But Colares is not just a last-ditch retreat from phylloxera. Its wine has been rated for centuries-since 1255, to be precise. In his Topographie de Tous les Vignobles Connus, André Jullien scores it as giving Portugal's best "ordinary" (by which he means table) wine. In 1833, Cyrus Redding, his English opposite number, mistakenly credits Colares with producing Port. The Texan scholar Dan Stanislawski, in his 1970 study of Portugal, Landscapes of Bacchus, calls Colares "perhaps the best wine of Portugal." The latest news, though, is not so good: The Oxford Companion to Wine reports a mere few hectares living on charity.
The bottle I opened was my last from a visit I made in 1975. (Relics like this are a bonus of a settled life and of having the same cellar for 40 years.) My tasting notes justify, I hope, detaining you with a wine you are unlikely ever to taste: "Colares, Real Vinicola 1973. Completely perished cork, not even tight in the neck. Color dark brown, scarcely red even in the center. Nose: amazing; Madeira and incense. It must be totally oxidized, but so gradually the tannins could handle it.
Like truly ancient claret, clean and lithe, but denser, as in a very ripe vintage. As good as the best Médoc. Incredible; I wish Broadbent were here. The endless finish is still cooling and enriching my palate ten minutes later. It moves my spirit to drink such a survivor."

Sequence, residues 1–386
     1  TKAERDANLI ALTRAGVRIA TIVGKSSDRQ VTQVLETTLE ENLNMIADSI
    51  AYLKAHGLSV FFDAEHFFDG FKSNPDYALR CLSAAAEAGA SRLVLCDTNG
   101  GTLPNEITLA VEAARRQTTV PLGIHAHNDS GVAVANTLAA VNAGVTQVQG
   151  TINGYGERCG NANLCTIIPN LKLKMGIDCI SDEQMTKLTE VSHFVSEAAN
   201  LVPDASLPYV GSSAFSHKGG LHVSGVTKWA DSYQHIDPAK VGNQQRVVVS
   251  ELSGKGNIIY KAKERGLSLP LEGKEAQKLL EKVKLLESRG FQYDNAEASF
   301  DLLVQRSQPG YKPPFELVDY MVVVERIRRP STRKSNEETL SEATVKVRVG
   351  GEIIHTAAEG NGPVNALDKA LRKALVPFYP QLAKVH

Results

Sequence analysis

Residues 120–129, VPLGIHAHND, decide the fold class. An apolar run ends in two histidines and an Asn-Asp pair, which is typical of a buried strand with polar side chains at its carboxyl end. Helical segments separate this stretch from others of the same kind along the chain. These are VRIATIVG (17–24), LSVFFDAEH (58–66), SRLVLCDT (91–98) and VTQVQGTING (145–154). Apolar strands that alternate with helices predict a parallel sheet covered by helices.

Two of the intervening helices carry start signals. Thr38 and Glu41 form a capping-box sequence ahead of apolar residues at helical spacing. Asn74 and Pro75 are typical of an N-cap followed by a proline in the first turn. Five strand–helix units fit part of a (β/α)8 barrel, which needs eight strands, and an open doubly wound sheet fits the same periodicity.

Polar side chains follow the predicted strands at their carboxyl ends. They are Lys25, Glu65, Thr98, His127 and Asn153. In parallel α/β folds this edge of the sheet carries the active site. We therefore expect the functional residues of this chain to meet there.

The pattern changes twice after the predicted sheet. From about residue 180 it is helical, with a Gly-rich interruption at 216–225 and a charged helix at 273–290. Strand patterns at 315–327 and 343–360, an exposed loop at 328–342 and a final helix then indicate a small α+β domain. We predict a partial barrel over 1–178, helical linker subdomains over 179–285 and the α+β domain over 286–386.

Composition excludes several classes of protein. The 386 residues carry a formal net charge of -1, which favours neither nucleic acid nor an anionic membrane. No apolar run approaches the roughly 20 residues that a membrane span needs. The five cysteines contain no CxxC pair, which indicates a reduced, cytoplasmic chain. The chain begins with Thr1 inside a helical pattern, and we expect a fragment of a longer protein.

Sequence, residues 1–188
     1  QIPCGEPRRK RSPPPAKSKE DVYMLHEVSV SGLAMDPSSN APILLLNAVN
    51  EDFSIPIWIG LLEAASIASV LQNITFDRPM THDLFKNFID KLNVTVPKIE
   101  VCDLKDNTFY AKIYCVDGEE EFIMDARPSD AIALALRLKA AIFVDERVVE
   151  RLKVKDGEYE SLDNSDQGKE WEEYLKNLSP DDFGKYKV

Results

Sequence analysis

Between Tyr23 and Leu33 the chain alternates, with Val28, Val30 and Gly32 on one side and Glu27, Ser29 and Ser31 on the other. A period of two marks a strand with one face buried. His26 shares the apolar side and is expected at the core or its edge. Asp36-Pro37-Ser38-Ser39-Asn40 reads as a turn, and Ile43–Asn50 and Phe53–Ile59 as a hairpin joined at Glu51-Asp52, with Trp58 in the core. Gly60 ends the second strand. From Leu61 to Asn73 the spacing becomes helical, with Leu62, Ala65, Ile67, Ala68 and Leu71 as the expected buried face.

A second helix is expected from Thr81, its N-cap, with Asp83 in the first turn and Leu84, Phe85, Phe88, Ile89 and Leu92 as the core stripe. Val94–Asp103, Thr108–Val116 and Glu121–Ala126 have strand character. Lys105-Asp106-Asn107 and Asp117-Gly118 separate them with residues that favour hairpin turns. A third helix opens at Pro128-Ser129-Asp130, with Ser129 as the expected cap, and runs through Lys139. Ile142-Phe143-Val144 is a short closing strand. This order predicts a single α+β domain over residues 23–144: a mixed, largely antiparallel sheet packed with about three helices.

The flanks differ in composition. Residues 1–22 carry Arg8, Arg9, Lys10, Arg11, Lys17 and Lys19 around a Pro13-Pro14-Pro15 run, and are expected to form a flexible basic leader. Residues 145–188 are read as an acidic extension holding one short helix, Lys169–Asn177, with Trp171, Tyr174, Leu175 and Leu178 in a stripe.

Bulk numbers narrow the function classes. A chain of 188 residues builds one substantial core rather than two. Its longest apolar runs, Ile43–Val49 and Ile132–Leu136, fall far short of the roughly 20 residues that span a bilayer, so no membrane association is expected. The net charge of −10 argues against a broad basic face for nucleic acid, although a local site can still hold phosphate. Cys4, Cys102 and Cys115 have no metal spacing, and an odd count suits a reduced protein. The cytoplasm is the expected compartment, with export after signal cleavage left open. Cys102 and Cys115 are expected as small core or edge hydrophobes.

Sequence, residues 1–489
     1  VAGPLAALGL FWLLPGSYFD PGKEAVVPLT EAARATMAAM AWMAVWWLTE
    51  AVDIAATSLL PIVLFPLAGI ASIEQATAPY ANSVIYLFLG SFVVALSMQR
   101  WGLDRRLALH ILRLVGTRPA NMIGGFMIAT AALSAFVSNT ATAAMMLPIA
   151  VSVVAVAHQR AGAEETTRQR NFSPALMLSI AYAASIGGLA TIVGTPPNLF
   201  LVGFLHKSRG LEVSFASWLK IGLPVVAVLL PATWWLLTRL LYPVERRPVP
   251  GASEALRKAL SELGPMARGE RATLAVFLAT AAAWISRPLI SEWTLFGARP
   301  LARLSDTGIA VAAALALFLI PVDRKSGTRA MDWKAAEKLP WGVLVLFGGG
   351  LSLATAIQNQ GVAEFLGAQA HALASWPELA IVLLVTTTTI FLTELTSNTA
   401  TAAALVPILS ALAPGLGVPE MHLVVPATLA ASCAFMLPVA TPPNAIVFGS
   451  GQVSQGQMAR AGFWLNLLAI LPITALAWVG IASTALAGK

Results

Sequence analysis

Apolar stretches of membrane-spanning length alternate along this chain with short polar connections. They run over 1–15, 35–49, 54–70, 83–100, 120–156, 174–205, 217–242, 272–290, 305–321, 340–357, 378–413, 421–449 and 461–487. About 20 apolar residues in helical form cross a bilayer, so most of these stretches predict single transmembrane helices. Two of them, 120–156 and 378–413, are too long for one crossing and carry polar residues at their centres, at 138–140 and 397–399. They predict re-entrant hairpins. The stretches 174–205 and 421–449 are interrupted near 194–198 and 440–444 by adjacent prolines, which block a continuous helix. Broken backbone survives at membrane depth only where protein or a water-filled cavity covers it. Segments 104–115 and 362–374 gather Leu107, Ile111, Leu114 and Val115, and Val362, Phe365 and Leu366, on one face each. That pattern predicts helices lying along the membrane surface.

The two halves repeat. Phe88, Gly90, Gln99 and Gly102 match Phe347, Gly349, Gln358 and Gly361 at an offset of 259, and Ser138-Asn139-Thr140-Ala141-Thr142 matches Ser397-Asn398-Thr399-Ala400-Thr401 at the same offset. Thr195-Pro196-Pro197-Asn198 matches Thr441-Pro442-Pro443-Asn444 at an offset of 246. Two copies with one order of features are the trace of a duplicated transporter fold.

How many vineyards are there in Europe, planted in remote ages, their strains of vines selected and refined over centuries, their style of wine sanctified by time, their survival through phylloxera a matter of sheer luck, their futures now sunk to a struggle for existence?
Colares is one, but think of Italy and how many remnants of vineyards it contains where the germ of a distinct identity is still alive. This is where I instinctively look for authenticity-but then I have the instincts of a historian. When I visit a town for the first time, I look for its remaining old buildings to learn what it is "really" like. You can argue equally well that the only true authenticity lies in the present and the future. History is only what we happen to know, or have been able to find out, about affairs that were probably very different from our perception of them. Am I just a sucker for the patina of age?
Sense of a new place
So, have any new wines given me a jump? Yes, Brian Croser's Pinot Noir from near Adelaide, for one. I served it blind-Tapanappa 2009 Foggy Hill Pinot Noir from the Fleurieu Peninsula-to a roomful of professional wine buyers at a lunch. They went into a huddle and pronounced it an excellent Gevrey- Chambertin, probably a premier cru. Does this mean it lacks a sense of place? Far from it: only that they don't know the place-a new one for Pinot Noir, or indeed any vines.
It perfectly expresses (and I'm happy to trust Brian Croser about this; no one cares more than he does about terroir and authenticity) the ironstone slope on the cool, often foggy coast opposite Kangaroo Island, facing west across the Great Australia Bight. A hundred years from now, it may be as established and recognizable as Colares, though I hope it will be considerably more successful.